On the 11th November 2002, VC Research received an e-mail from
Heather Crew-Gee, (née Sinnott), of Winnipeg, Canada, with
an enquiry about her Great-great Grandfather, Lance-Corporal John
Sinnott VC. She had been surfing the Web for information regarding
Heather was directed, by the web, to the site of the Central
Library and Arts Centre, Rotherham. This is the home of the York
and Lancaster Regimental Museum. To her surprise she saw that
they claimed to be the custodians of Lance-Corporal Sinnott's
Medal. Surprised because she thought that she had had the original
hanging in pride of place, in her lounge for years.
She wanted to know, quite naturally, how the museum could have
a medal that clearly belonged to the family of the achiever.
As it turned out, the original medal was stolen from the family
home, in Wandsworth, London, during World War One. It was retrieved,
by Heather's father, at an auction in Battersea, for what she
believed to be around £2,000. A princely sum at that time.
The medal has been in her lounge, in a frame, for as long as
she can remember, which is around 50 years or more. She has never
removed it from its frame, because she believes that the ribbon
is rather fragile. She now wanted to know if she was the owner
of a worthless piece of metal.
Heather also wanted to know if there was any way she could get
the real medal, should hers not be genuine, back to the Sinnott
I replied to her the same day, telling her that I would look into
it to the best of my ability. I then informed her that the real
medal would have his name, and the date of the deed, for which
the medal was awarded, on the reverse.
I then contacted the York and Lancaster Regiment Museum at Rotherham
and spoke to the archivist, Mr Carl Noble, who told me that he
believed that they held the authentic Medal. I was asked to ring
him back the following week, when he would confirm this and also
tell me how the museum got hold of the medal. Mr Noble asked me
if it was possible that the medal had been donated by another
member of the family.
I informed Heather of the situation to date and asked, at that
time, if the medal, in her possession, had been authenticated,
she confirmed that her father had done this at the time of the
auction. I asked if it was possible that another member of the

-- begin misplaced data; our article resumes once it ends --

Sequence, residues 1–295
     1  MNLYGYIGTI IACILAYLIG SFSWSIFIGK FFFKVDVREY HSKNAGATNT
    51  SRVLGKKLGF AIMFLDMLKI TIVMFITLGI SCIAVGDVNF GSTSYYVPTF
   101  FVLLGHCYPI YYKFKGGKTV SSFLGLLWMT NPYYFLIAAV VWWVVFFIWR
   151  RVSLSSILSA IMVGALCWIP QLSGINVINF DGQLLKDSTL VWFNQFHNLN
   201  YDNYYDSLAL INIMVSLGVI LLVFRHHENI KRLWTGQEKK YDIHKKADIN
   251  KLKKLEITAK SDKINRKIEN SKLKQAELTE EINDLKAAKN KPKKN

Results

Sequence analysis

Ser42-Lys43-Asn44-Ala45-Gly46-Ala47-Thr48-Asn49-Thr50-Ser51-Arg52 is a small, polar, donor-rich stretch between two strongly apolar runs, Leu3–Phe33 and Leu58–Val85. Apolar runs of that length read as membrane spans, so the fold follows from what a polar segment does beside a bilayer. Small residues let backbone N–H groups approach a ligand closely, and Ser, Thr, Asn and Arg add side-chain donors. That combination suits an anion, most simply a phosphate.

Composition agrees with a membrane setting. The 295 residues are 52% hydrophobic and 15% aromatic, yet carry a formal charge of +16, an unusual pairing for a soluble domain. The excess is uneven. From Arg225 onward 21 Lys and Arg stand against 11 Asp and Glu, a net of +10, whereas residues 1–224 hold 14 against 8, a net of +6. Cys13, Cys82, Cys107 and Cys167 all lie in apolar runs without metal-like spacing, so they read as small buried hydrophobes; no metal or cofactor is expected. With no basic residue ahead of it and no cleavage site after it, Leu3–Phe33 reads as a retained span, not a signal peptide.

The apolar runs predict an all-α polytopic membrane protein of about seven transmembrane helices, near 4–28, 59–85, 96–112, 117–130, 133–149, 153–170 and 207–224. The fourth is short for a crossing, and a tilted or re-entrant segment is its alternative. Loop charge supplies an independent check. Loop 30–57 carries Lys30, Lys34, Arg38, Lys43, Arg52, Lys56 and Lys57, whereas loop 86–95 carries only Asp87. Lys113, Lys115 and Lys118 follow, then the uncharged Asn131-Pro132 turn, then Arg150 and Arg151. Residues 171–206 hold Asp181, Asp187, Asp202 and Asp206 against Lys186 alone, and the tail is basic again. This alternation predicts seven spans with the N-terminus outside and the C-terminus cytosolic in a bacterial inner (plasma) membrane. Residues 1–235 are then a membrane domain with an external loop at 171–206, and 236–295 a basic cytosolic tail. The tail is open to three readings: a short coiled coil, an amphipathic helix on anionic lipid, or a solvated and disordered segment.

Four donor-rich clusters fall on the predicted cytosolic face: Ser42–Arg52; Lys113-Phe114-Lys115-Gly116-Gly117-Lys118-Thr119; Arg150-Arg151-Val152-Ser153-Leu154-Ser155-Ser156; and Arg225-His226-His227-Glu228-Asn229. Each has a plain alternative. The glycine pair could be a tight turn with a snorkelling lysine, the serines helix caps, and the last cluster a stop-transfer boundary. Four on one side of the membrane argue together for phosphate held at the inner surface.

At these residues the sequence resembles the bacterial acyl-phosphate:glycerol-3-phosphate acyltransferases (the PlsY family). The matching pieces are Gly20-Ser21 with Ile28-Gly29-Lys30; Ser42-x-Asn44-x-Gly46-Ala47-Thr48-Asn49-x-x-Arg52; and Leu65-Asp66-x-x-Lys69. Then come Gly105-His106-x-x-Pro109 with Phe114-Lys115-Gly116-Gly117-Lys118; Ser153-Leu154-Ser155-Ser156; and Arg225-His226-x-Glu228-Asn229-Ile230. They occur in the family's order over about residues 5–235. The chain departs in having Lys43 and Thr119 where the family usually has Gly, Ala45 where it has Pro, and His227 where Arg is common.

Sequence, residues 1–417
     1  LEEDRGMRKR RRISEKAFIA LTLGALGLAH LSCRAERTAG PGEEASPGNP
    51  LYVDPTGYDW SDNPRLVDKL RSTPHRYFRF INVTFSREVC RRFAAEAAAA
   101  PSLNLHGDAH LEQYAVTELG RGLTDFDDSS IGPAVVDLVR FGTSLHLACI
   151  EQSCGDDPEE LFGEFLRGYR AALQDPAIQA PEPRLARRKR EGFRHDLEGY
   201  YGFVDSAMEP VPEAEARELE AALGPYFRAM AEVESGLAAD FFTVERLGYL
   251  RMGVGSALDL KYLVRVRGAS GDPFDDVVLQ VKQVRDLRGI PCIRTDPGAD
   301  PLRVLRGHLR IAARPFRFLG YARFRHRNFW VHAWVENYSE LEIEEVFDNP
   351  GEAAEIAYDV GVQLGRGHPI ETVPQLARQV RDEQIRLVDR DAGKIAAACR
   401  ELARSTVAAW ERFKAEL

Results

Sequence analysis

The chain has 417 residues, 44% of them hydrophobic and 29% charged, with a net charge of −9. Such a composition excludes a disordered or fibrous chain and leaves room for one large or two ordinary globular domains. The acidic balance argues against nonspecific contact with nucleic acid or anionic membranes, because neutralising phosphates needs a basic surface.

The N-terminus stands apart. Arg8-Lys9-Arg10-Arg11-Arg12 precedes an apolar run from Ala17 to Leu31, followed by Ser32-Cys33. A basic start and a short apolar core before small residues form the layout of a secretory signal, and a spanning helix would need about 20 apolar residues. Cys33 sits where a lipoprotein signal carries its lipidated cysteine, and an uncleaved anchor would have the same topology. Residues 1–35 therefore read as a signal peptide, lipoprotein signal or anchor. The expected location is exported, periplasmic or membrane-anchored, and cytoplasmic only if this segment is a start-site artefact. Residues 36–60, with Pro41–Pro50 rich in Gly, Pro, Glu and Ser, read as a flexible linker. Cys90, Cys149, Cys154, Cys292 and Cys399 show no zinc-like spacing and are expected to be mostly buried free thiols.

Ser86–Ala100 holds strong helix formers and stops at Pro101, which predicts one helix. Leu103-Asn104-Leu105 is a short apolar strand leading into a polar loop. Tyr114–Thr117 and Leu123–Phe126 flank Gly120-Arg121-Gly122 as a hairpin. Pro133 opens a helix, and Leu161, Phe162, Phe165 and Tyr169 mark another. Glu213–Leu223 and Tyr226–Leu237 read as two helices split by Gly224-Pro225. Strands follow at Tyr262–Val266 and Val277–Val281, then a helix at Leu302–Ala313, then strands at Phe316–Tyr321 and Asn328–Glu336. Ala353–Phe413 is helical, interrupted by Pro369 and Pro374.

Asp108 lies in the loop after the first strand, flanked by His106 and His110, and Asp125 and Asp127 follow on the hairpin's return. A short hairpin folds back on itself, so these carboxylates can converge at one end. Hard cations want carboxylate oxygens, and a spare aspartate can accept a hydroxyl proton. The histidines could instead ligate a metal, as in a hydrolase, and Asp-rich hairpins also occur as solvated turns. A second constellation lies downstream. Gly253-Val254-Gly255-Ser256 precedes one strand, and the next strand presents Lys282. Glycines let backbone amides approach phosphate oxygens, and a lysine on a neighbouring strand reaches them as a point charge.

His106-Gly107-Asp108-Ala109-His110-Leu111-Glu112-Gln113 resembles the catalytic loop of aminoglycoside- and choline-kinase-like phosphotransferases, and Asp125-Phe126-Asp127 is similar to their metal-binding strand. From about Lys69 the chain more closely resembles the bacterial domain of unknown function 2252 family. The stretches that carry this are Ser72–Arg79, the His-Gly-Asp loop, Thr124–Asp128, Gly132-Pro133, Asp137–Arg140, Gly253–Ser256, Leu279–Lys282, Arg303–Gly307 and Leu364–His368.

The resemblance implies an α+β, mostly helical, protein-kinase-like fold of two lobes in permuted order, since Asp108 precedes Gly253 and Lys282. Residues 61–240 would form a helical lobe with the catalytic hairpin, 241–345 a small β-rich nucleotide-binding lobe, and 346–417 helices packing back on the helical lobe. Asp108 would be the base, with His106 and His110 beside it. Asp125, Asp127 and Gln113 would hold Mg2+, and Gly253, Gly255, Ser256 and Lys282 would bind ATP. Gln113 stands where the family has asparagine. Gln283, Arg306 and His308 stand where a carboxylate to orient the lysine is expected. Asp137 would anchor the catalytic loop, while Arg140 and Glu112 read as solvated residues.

family had donated it to the museum. She replied that, as far
as she knew, there was no member of family who could have done
this. She also confirmed that his name and date of deed was on
the reverse of the Victoria Cross in her possession.
There was even more confusion, when I rang Carl Noble the following
week, and he also confirmed that the medal was inscribed on the
reverse with the name and date of deed. It had been bought by
the Museum in 1960, after authentication by an expert.
This gives rise to several questions. Was it possible that a
replacement Victoria Cross was made after the theft? If so, who
was the medal given to, if not the family? Who owned it, after
the theft, and which medal was auctioned?
I wrote to the Army Medals Office, at Droitwich, Worcestershire,
asking them if it was possible that two Victoria Crosses had been
issued in the name of Lance-Corporal Sinnott?
My letter was then forwarded to the Ministry of Defence.
A letter arrived from Mrs. O. E. Brownjohn, MBE., of the MOD,
who explained that she couldn't help me as all the records had
been transferred to the Public Record Office at Kew.
As it was impossible for me, at the time, to visit the Public
Records Office, it being at Richmond in Surrey, I wrote to the
manufacturers of the Victoria Cross, "Hancocks," of
Burlington Arcade, London.
A gentleman of Hancocks, very kindly telephoned and informed
me that a replica Victoria Cross had been made for Sinnott. This
was all the information he could give me. So it is possible that
one of these two Victoria Crosses is the replica. Which one?
I could only inform Heather to have her medal again authenticated
by an expert. Should the Medal, held by the museum be genuine,
perhaps she could have it returned by going to law.
I do know that other Medals have been stolen, for instance, Gunner
James Collis, whose Cross was stolen from the War Office, after
it was forfieted for his commiting bigamy. Collis' Cross later
turned up at auction. It is still, I believe, in private ownership.